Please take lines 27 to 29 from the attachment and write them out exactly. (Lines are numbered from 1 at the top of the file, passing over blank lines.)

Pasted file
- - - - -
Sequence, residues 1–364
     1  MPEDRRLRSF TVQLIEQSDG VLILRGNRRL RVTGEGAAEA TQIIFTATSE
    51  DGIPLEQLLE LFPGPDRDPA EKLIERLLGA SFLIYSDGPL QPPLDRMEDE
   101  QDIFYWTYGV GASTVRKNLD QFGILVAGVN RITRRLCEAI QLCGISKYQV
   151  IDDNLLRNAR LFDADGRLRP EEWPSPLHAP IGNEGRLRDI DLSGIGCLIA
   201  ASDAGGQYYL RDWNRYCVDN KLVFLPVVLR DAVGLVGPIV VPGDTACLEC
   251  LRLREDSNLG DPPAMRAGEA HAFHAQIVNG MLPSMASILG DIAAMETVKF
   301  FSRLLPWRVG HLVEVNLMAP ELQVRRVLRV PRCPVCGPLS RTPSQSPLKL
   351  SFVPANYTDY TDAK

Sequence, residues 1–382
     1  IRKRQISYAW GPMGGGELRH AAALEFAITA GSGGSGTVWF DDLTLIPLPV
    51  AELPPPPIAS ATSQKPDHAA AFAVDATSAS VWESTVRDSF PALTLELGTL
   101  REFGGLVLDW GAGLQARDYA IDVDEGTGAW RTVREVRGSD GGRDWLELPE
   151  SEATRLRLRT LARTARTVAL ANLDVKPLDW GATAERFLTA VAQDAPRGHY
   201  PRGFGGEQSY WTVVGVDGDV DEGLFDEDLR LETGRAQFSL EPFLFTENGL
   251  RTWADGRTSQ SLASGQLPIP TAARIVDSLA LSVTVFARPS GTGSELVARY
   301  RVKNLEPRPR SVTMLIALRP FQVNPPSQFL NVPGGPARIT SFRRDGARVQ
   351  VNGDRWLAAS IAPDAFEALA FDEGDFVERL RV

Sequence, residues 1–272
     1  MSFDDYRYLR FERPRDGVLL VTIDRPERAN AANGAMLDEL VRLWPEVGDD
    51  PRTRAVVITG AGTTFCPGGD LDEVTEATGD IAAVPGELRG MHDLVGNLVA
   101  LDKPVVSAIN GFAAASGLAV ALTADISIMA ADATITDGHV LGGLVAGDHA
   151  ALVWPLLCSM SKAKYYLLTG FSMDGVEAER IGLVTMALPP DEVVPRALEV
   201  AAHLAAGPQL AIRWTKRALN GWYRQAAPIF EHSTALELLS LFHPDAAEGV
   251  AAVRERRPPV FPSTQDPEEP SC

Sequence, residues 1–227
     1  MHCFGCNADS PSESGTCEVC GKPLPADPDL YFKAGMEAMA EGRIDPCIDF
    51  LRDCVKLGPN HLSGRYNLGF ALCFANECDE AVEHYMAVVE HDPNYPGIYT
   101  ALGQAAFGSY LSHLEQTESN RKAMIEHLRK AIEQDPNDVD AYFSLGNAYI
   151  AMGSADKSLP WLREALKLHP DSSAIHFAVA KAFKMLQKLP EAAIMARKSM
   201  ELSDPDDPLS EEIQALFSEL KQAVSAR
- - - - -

     1  MHCFGCNADS PSESGTCEVC GKPLPADPDL YFKAGMEAMA EGRIDPCIDF
    51  LRDCVKLGPN HLSGRYNLGF ALCFANECDE AVEHYMAVVE HDPNYPGIYT
   101  ALGQAAFGSY LSHLEQTESN RKAMIEHLRK AIEQDPNDVD AYFSLGNAYI